But nobody seems to know or understand the separation process: having to navigate the rubble of your hopes and dreams to create a Separation Agreement that you never wanted in the first place.  

No one seems to understand the specific pain that you are in, that your understanding of your world has been stood on its head, or that the reactions and emotions you feel are reasonable given that your divorce may have been or not been of your choosing.

All anyone wants to talk about is the money and the law.

What monetary value can be placed on disappointed hopes, smashed trust and fear for the future? Are there enough resources in the world to assuage anger, grief and feelings of failure?

And tell me exactly, how is the law fair? Laws designed to encompass all, yet at the same time fit no one’s specific situation.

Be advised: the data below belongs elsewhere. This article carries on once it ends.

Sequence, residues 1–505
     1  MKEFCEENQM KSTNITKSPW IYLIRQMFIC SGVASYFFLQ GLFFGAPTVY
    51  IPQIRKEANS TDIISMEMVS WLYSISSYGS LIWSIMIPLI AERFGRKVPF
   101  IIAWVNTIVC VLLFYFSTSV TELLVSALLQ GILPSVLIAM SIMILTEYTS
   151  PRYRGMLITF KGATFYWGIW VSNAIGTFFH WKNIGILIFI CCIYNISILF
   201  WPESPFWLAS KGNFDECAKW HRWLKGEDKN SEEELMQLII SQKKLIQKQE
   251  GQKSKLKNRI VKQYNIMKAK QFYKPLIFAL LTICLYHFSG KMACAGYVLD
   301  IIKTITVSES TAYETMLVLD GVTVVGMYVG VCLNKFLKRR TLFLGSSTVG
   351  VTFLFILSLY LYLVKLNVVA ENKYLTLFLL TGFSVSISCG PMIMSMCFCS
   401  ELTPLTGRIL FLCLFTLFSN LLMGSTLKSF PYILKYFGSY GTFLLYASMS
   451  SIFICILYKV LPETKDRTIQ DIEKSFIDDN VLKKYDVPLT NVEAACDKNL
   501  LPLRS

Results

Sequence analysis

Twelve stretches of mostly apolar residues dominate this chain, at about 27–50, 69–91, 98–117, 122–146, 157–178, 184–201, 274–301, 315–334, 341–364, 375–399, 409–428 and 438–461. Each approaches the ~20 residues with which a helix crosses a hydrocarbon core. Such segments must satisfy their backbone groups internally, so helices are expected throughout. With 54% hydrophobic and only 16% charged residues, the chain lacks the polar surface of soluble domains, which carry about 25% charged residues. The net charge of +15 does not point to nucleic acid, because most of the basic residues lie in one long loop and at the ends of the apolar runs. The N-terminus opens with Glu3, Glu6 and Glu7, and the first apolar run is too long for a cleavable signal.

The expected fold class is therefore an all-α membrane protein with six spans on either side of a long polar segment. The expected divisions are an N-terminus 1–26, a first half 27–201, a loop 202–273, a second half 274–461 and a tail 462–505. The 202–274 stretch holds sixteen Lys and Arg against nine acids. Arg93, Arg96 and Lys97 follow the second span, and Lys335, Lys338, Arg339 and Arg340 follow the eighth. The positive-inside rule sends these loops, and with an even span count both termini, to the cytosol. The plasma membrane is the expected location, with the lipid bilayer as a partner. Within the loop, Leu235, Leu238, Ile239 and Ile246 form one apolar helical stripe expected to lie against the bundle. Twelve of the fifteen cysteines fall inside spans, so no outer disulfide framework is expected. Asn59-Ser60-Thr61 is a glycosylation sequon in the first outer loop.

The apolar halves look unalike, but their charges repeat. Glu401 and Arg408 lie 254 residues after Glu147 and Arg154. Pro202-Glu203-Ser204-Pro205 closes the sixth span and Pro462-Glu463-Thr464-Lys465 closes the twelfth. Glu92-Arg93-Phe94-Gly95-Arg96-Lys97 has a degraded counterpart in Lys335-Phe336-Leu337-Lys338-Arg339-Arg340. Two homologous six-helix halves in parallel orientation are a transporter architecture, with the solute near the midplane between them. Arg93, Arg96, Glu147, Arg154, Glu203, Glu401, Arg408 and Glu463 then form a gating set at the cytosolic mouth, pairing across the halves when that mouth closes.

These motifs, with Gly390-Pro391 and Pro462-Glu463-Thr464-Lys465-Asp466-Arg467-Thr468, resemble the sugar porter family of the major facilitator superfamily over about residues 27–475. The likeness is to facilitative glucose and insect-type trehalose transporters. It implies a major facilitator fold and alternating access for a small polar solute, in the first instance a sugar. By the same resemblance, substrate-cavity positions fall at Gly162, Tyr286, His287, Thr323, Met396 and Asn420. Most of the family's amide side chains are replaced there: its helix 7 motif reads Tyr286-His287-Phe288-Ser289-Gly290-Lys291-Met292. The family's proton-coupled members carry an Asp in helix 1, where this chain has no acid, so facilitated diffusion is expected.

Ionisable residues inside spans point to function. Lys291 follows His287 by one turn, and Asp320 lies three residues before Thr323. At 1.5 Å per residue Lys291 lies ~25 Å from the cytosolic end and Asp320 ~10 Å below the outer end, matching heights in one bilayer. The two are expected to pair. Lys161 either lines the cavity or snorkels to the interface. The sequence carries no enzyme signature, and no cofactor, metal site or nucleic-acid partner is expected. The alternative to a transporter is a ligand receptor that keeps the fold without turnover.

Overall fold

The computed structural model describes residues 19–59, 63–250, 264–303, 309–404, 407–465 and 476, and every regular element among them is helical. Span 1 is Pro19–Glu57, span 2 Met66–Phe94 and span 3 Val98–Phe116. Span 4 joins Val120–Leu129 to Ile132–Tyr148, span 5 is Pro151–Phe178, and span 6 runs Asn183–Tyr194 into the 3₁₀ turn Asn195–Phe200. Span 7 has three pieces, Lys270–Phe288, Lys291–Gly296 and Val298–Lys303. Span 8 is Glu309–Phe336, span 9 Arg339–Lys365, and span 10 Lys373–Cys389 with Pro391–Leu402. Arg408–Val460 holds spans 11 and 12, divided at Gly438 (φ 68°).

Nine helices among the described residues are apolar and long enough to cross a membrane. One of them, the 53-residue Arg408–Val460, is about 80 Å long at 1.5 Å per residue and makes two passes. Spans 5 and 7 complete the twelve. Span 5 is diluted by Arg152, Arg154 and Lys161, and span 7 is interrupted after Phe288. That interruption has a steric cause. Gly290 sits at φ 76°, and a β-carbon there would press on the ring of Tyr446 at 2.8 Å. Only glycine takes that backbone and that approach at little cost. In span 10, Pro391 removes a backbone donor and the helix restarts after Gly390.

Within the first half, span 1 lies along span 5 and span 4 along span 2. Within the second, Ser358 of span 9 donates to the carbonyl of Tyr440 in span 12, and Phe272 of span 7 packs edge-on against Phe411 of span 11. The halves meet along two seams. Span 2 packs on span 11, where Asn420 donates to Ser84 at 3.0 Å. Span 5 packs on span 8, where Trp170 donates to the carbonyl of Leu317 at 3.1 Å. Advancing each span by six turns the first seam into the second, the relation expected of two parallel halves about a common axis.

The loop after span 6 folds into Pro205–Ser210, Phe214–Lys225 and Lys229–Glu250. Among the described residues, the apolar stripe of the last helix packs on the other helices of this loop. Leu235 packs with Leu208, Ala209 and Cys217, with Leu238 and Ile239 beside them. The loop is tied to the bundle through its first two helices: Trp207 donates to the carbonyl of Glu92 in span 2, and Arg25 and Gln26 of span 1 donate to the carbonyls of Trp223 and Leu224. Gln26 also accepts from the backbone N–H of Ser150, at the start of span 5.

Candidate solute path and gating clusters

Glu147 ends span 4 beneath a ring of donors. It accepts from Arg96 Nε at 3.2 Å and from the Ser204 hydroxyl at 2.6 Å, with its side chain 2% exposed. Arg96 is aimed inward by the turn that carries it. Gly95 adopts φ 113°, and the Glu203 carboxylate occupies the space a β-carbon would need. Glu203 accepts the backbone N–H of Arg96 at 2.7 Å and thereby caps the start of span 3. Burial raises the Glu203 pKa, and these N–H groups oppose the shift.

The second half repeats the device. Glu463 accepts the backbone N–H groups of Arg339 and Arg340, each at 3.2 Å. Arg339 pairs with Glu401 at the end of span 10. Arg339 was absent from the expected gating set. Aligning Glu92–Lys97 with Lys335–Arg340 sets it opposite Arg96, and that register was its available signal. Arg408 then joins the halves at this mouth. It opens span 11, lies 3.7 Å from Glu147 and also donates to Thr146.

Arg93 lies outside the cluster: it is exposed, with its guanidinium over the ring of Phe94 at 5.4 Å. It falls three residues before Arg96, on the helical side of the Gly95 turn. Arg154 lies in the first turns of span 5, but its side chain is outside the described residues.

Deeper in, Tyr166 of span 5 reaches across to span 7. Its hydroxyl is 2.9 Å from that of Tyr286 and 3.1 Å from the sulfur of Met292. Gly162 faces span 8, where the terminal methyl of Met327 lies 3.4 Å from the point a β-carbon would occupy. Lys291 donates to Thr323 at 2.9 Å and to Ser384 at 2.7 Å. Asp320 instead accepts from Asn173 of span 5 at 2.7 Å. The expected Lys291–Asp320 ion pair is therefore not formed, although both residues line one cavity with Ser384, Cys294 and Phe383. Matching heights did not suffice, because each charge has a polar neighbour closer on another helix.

How do I know this? I've been there. I spent years in conflict with my spouse before getting thrown into the separation process and I’ve spent five years since then learning a better way to do conflict.

My role as a Financial Neutral is multifaceted but my main role is as an educator of the Collaborative Process.  Until this becomes the undisputed first choice of separating and divorcing couples, this will be how I will spend most of my time working on client files.

I am also an information gatherer. I gather financial information and I then I mine that information for what is hidden amongst that numbers:  the hopes and dreams of the parties involved and the hidden tax consequences, financial pitfalls or potential financial benefits of different courses of action.